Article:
At Journey’s End – A Short Fiction
Adrift in the cold empty of space, white dots twinkling amidst the black, a ship floated as a carcass would down river. Its single passenger inside shivered in the growing chill, a blanket wrapped about her person. She gazed through the front shield as her teeth chattered. Pain soaked in her veins, and even the smallest twitch sent her gasping. Her stomach grumbled in protest, followed swiftly by a feeling of knives digging into her intestines. Sweat formed along her brow and dripped down her face. Despite the frigid climate, she radiated an inordinate amount of heat.
That was when she deduced that she was running a fever, and that her week without food left her immune system vulnerable. Dead bodies littered the bridge in which she sat, stinking as they rotted and passed their final gases. It might be that one of them carried a contagion. No matter how she looked at it, she would die here. Life support was low and would not last much longer.
The nose of the ship dipped, tumbling through stardust and bits of rock.
She coughed. She covered her mouth with a hand, and it came away flecked with blood. Wiping it off on her pant leg, tiny coughs racked her body before she regained control and pressed a button on the main panel. A holographic recording emanated from one of the projectors hidden within. The recording sputtered and skipped. It presented her with an image of a man, bearded face smiling and brown eyes twinkling.
“Hey, Lyla. It’s Kam, your brother.” The audio clipped, and it repeated: “Hey, Lyla. It’s Kam, your brother. Just out here enjoying the beach. Or I would have been if it hadn’t stormed.” The image shook then focused on what appeared to be a grey sky.
“Do you see this, Lyla? Do you? It’s mother nature taking a crap on my day. But that’s whatever.” Kam’s face reappeared. “How’s the space trip? Mission? Whatever you call it. Can’t believe you’re one of the first to see if we can get the hell off Earth before we all drown. Badly.”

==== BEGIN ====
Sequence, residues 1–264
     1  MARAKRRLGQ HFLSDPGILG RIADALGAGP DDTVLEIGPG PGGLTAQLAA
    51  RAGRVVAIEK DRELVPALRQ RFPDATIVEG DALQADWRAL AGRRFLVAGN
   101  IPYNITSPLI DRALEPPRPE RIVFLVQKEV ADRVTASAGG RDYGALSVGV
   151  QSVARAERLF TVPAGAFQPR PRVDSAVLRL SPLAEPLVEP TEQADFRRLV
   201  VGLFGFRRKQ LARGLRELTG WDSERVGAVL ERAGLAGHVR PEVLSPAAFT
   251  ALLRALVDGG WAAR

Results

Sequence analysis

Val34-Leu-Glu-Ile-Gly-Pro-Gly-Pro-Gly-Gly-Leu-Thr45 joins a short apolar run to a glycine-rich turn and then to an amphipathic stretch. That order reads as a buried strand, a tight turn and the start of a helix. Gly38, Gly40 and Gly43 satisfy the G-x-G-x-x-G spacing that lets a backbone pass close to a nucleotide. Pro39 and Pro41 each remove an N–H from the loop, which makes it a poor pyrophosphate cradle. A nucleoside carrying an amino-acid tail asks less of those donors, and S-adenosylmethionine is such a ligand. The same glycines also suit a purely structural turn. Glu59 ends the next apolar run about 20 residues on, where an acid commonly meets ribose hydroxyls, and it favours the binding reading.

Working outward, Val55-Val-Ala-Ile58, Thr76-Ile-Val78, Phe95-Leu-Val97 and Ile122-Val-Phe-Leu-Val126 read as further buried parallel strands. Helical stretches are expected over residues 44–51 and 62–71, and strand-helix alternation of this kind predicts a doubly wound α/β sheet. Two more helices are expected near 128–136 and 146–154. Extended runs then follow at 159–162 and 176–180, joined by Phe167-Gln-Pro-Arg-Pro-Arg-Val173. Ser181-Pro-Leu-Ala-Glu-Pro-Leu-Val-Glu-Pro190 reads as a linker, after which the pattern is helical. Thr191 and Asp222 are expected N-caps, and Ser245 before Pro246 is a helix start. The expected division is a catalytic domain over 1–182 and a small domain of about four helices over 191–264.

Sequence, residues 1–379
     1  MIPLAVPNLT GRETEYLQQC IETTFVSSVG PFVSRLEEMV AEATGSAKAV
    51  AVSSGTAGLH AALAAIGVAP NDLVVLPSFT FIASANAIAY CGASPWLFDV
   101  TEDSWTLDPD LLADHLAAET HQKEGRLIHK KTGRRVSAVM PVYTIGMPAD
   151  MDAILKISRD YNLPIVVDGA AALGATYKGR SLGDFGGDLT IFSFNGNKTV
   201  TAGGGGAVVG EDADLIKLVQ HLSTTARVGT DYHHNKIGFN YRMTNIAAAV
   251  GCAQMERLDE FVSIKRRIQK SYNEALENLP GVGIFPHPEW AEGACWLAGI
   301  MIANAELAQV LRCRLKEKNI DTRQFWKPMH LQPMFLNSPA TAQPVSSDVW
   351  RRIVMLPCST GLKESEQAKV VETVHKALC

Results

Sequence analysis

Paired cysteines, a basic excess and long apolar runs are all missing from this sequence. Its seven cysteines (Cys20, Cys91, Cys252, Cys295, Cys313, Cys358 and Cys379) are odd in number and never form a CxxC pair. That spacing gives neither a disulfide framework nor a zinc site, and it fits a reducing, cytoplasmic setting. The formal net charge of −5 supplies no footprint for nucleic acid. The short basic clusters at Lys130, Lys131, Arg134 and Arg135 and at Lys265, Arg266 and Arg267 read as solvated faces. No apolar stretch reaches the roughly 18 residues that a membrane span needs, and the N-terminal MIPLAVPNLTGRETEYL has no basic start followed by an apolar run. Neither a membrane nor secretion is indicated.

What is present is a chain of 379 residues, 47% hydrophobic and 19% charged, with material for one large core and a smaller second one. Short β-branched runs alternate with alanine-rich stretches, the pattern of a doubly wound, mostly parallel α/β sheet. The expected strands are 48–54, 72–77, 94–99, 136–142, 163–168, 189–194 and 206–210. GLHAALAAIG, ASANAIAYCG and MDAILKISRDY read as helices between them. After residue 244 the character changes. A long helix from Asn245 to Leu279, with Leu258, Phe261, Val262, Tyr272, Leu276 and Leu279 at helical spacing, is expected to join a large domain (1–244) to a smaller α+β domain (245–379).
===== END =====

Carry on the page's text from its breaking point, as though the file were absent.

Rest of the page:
Lyla smiled. She wanted to laugh, but the pain kept such notions at bay and she winced instead. Her breath formed short-lived clouds. The recording shut down, the last of the audio devolving into unintelligible speech. She glanced around. Any light she had went out aside from the burning of stars cloistered in the black outside. Pitch darkness encroached.
“This is a damn pickle you’ve got yourself in, Lieutenant,” said a voice behind her, somewhere in the night. She turned about and squinted. Suddenly, a flame flickered to life and set its edge to something before being snuffed. A steady orange glow took its place. Some bright light shined behind the figure and detailed their features: it was an older man, white beard unkempt and blue eyes faded to a silvery hue. He was dressed in an officer’s uniform that had been splattered with blood. His demeanor reflected his posture, laid back and legs outstretched, crossed at the ankle.
“Whole crew gone to the crows, and you’re left crawling in the mud. Well, I’ll be…” He puffed his cigar. Rings of grey smoke plumed. “I don’t mean to state the obvious, but have you tried sending out an SOS?”
“Tried that,” replied Lyla, her voice rasped. “Didn’t work.”
He shrugged, cigar hanging at the corner of his mouth. “Any signs of life within a hundred-mile radius?”
“Last I checked, Captain, no.”
He pursed his lips in a mocking fashion and continued to puff his cigar. Silence kept them company as an invisible third. Only the groans of the ship distilled the quiet. The captain shifted in his seat then sighed as if exasperated and spoke, “Get your ass out of that chair and do something about the situation.”
“What…” She stopped mid-sentence as she coughed. “What the hell am I supposed to do?”